For the DIp:
1 x black garlic bulb (the entire head)
4 Tbsp. sour cream
2 Tbsp. olive oil
1 Tbsp. shallots, minced
8 oz. cream cheese
1/2 cup walnuts, (Optional)

In a small blender, combine half the cloves of black garlic, sour cream, and olive oil until smooth. With a knife, mince remaining black garlic cloves. In a small bowl, combine all ingredients and mix until smooth. Fold in walnuts. Chill in refrigerator, covered, for 24 hours to let flavors meld.

Serving Suggestions:
Serve with vegetables or crackers.

Yields: 1 1/2 cups

Garlic Soup

According to Czech lore, Garlic Soup will cure just about anything, even the common cold. So if you’re feeling a bit under the weather, make a big pot of this simple soup of broth, potatoes, garlic and cheese to help you feel better. It may not be a cure but it certainly tastes rich and comforting (and keeps the vampires away!) I haven’t made this soup with Black Garlic yet, but its in the works 😀



3 thick slices rye bread, cut into large chunks (for croutons)
1 T olive oil
2 T butter
1 C yellow onion, diced
6 cloves garlic, minced
8 C chicken or beef broth or vegetable broth
2 lg potatoes, peeled and chopped
1/2 tsp salt
1/4 tsp black pepper to taste
4 oz Swiss cheese, cut into 1/2-inch cubes
2 T dill, chopped
2 T flat leaf parsley, chopped


Preheat oven to 350°F (176°C). Place bread pieces on a baking sheet. Drizzle with olive oil, tossing to combine. Bake until deep golden brown, about 9 minutes. Remove from heat and set aside. Place butter in a medium saucepan over medium heat. Add onions and garlic and cook, stirring frequently, until translucent and softened, about 3 minutes. Add broth and bring to a boil over high heat. Add potatoes, salt and pepper. Reduce heat and simmer until potatoes are tender, about 20 minutes. Place croutons and cheese cubes in soup bowls. Ladle soup on top. Sprinkle with dill and parsley and serve.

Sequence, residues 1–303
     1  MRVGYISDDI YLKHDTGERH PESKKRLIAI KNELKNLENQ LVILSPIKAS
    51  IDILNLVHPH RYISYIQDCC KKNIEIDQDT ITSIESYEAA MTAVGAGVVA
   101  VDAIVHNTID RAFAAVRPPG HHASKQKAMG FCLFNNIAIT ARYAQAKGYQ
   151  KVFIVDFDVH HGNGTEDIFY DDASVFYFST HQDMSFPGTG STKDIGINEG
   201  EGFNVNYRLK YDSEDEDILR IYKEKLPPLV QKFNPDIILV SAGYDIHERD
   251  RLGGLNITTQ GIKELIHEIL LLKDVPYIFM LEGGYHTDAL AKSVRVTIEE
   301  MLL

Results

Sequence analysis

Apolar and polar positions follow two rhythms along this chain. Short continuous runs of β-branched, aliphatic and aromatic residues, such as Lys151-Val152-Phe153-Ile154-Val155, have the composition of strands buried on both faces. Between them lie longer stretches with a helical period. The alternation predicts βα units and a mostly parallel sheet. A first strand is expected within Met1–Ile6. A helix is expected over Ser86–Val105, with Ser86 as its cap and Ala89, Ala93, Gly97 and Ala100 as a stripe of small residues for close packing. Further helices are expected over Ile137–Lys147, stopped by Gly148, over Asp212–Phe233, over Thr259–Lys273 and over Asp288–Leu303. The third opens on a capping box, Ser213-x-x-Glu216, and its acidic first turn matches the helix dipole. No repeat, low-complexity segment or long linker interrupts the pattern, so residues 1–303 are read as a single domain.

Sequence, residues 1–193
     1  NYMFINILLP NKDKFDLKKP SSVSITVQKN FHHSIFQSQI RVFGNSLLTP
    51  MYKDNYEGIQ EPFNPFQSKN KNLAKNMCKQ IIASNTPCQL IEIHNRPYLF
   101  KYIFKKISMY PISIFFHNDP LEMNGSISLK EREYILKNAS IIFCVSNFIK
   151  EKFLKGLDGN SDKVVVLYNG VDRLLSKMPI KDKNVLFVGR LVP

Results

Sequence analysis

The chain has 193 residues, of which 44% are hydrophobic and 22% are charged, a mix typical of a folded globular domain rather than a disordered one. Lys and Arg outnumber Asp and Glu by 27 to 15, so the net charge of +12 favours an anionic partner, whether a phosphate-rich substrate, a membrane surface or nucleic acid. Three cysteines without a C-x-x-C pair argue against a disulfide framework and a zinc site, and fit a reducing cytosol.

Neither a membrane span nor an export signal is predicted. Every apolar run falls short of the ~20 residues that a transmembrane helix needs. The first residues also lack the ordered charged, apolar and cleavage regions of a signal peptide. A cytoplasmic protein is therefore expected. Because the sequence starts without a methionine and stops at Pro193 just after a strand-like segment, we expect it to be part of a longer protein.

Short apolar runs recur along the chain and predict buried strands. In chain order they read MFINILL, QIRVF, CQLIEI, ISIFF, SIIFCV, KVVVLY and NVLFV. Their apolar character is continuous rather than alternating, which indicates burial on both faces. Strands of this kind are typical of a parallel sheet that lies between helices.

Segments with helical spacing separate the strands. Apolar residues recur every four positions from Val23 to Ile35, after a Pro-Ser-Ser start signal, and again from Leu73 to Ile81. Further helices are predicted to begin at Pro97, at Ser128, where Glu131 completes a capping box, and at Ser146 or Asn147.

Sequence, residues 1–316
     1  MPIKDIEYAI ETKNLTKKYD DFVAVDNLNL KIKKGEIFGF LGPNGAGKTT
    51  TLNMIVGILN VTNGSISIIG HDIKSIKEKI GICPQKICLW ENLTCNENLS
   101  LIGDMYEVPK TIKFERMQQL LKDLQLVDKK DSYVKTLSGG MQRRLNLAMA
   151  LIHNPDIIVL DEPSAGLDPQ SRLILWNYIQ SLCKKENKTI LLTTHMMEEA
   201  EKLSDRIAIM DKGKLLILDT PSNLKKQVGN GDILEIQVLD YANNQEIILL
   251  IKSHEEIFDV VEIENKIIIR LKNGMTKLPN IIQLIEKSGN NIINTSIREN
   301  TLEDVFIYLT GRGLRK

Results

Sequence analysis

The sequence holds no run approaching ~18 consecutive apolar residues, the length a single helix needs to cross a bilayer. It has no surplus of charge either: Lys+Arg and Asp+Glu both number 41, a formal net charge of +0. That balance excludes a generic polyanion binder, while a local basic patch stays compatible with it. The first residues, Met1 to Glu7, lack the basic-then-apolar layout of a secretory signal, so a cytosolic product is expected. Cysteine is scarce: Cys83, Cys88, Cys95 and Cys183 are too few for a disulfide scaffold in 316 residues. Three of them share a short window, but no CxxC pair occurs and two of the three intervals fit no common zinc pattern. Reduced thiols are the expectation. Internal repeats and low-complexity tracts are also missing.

A word of advice… If you buy the broth, check the flavor before adding the salt.

Makes 4 servings.



My favorite vegetable… allium sativum (Garlic). I use it in literally ever dish, good thing I’m not a Vampyre.

Garlic is an individual form of onion, characterized by its distinctive smell and flavor. It is thought to originated in Central Asia, but it can no longer be found in the wild. Even in cultivation it has ceased to set seed, and existing cultivars are thought to be old.

The main differences in the vast variety of garlic are taste and pungency. The skins are usually white, but can be tinged with purple. The only other differences are the size and number of cloves, hardiness and storage qualities. Garden grown garlic is often bigger and more pungent than purchased bulbs.

Most seed merchants sell one or two varieties, sometimes listed as “garlic bulbs.” It is possible to plant bulbs, but sometimes they have been “treated” and fail to grow.

Nutritional highlights:

Calorie for calorie, garlic is incredibly nutritious.